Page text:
Thirteen minutes after noon on Oct. 17, Anesha Murnane walked out the door of her downtown Homer apartment wearing a blue windbreaker and jeans, a purse slung over her shoulder.
Surveillance video captured her departure. The shy homebody had a 1 p.m. appointment at a medical clinic about a mile away.
But Murnane, 38, never arrived at that appointment. She hasn’t been seen since.
“It’s like she vanished into thin air,” said her mother, Sara Berg of Homer.
Ten days after she was last seen, a statewide search continues for the missing Homer woman, with frustratingly few clues to go on.
The Homer Police Department has searched for Murnane on the ground and using a helicopter and scent-detection dogs, said police lieutenant Ryan Browning. Police have combed through her cell phone records, financial records and social media interactions.
The department is working on the case “nonstop” but knows little about what happened to Murnane, Browning said.
“Man, we have got nothing,” he said
The current working theory is that Murnane entered a car somewhere in downtown Homer, though it isn’t clear exactly when, according to Browning.
Multiple trained scent-detection dogs that searched the area stopped at the same spot -- indicating a car pickup, he said.
Murnane is considered missing and at risk, according to a Silver Alert, issued for missing and vulnerable adults. There’s no evidence that Murnane was suicidal or trying to disappear on purpose, Browning said.
Part of what’s so concerning is how unusual it would be for Murnane — who doesn’t drive — to get into a car with someone.
“She is able to care for herself,” Browning said. “But this is so far outside any normal pattern of behavior for her.”
“She was happy, moving forward with her life”
Anesha Murnane was born and raised in Homer, her mother said.
She left Alaska to study Montessori early childhood education, and spent time living in Oregon and Washington and traveling abroad to Australia and Honduras.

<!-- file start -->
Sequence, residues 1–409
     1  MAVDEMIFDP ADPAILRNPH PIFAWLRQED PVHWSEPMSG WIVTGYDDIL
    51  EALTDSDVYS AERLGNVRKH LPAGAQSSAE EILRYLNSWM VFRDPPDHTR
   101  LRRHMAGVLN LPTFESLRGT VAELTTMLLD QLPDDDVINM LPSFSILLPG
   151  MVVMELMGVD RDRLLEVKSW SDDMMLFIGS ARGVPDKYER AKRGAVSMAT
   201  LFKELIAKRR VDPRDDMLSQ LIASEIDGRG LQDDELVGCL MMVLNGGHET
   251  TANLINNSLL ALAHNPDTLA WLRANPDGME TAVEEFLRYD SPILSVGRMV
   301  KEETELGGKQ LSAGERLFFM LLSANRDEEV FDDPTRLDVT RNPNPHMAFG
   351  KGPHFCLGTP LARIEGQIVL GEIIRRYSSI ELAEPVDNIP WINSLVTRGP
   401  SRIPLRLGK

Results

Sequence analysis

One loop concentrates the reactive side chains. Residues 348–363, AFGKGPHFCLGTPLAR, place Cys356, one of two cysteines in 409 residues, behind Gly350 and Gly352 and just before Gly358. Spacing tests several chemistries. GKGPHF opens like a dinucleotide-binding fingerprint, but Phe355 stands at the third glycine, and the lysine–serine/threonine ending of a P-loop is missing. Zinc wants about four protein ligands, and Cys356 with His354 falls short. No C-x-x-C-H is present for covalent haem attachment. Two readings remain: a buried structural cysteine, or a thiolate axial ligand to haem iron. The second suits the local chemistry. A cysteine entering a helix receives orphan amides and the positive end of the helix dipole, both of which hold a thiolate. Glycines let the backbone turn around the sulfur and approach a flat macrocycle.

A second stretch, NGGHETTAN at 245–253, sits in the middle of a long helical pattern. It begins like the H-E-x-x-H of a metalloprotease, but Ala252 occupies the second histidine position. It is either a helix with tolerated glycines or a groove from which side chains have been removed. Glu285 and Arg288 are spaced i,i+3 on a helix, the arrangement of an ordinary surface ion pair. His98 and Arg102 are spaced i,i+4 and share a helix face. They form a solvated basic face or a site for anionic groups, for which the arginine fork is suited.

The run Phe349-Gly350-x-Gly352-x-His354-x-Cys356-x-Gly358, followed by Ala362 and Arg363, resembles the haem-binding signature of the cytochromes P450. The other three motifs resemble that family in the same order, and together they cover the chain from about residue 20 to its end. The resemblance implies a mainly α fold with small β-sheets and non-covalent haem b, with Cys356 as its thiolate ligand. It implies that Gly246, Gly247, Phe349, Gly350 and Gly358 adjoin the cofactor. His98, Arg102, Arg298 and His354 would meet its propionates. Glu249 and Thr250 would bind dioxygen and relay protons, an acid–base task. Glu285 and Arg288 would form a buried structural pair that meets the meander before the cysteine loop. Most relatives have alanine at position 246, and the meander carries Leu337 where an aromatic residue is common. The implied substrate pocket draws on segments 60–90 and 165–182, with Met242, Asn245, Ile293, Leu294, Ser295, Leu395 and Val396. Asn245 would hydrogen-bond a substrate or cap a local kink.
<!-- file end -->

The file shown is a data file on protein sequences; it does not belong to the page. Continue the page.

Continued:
Five years ago, while living out-of-state, Murnane experienced a health crisis that led to a psychological breakdown.
“She had a stressful life experience, and went into pretty severe mania,” her mother said.
Her parents moved her back to Homer for treatment. She was eventually diagnosed with bipolar disorder, Berg said.
In recent years, Murnane had been living a quiet life in a housing complex near Main Street and Lee Drive, just north of Homer’s busy commercial main drag, Pioneer Avenue.
She’d been putting her life back together, and it seemed to be working: Her mental health had been stable and she was talking about moving out of assisted-living and looking for a job, Berg said.
Murnane had plans to visit her mother in Mexico, where she spends her winters, in November.
Her family believes her disappearance is not related to her history of mental illness. They see no evidence she was a danger to herself, or entering a manic state.
“She was doing fabulous. Happy, moving forward with her life,” Berg said.
They can’t imagine Murnane, known by many in Homer by her childhood nickname “Duffy," getting into a car with someone she didn’t know very well.
Berg described her daughter as shy, deliberate, retiring and routine-oriented.
“She likes to cook and sew and just be home. She is not a risk-taker. She is not a partygoer, or a drug-doer. She is a quiet, sedate, sweet girl.”
Berg believes her daughter has been abducted and is being held somewhere against her will.
“I think someone took her. And I don’t know why they took her,” she said.
Having her daughter missing is “hell,” she said. “It has been horrible. All we did at first was stand around here and cry, email, cry some more.”
Murnane’s friends and family want people all over Alaska to be on the lookout for her: She is 5’11, weighs about 160 pounds and has blue eyes and brown hair.
Anyone with information on Murnane can call the Homer Police Department at 907-235-3150 or Silver Alert hotline at 855-745-8799.